By learning here, I refer to any kind of knowledge acquisition using different types of online content: courses, articles, websites, publications, mobile apps, blogs, videos, and even social media posts. It is not exclusive to academic learning. A person who wants to learn about a topic to enhance their skills will probably go and research it online first before paying a visit to the local library. A student who is working on a research project will google some topics and watch some videos before doing field research. Hence, learning online has become the first option to acquire knowledge these days and is not bound by a specific category of content or a specific age group.

With online learning, and especially the self-paced sort of learning, you will always have the steering wheel. With all this accessibility and ease of reaching any kind of knowledge, a huge portion of the cognitive load must have been lifted off, right?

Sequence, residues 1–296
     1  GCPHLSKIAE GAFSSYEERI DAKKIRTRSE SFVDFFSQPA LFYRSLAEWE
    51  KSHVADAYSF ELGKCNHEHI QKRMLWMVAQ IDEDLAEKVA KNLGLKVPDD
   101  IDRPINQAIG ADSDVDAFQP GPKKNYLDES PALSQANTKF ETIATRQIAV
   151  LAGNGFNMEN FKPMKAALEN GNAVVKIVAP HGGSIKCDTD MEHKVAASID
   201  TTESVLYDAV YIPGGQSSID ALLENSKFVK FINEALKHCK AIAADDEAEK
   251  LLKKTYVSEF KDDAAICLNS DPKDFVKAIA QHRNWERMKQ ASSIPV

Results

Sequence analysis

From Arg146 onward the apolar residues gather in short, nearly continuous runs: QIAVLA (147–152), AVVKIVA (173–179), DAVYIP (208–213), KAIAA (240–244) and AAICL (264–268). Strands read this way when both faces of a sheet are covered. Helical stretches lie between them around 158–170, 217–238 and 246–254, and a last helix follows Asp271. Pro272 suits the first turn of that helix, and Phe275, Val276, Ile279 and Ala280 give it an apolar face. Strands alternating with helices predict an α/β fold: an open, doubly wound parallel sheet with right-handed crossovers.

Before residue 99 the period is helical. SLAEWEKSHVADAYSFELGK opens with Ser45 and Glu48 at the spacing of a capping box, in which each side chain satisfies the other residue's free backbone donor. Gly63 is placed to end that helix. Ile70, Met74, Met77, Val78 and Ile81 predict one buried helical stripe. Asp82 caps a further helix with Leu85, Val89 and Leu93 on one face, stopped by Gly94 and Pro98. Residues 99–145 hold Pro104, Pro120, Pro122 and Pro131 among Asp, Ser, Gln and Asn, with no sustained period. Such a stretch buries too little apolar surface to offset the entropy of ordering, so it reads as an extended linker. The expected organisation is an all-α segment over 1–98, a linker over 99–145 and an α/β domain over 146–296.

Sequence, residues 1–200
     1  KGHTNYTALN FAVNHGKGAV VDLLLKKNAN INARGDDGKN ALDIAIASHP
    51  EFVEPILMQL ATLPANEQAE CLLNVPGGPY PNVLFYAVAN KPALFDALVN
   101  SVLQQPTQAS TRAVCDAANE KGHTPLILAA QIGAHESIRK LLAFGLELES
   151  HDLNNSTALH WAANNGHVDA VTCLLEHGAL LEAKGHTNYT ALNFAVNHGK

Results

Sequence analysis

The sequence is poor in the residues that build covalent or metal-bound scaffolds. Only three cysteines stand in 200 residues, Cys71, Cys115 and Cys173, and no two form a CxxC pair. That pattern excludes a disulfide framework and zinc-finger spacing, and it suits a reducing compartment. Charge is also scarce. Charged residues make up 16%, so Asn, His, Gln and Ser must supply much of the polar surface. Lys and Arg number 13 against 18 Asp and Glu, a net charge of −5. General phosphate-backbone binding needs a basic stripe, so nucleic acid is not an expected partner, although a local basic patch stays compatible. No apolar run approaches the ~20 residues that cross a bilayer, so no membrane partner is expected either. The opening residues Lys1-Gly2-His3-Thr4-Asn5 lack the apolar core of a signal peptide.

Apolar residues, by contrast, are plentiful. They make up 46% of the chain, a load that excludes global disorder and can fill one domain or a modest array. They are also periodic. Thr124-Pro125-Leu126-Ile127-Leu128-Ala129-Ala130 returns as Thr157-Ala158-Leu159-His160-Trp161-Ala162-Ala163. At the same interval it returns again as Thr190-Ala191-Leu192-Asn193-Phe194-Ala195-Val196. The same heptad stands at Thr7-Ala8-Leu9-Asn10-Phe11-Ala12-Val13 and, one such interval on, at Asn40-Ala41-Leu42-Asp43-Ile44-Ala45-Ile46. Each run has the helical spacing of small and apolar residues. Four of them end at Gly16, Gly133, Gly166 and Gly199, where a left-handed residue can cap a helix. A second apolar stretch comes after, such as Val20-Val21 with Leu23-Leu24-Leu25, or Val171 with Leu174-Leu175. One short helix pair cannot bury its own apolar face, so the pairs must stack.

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In fact, online learning can sometimes cause more cognitive load than learning in an instructor-led class environment.

Here is a true story that happened to me. I was supposed to give a presentation on Gamification. So, the next day, I bought a brand new professional-looking notebook that cost me half of the amount I pay for my monthly internet package. I went home, made a hot cup of tea and got into the mood of learning. Where do I begin?

Although the topic itself is not a hard one to find online content about, that actually is sometimes the core problem.

1- Getting lost in resources

One of the major factors that could increase the cognitive load is the massive amount of content available online that could make you feel lost or incapable of knowing from where you should start. Finding the right piece of content can come after consulting tens of articles, references, and blogs. It is like treasure hunting without a map! The brain starts processing lots of information from all these resources; some are valid and some are not, which leads to a heavy cognitive load.

Solution: You need to do some quick research about the most reliable learning resources and join any groups that have people sharing the same interests as you so you can get some advice about any helpful courses or material. You can also go for discussion forums or websites like Quora and ask for recommendations. In short, get a map before the treasure hunting expedition.

2- Having too many choices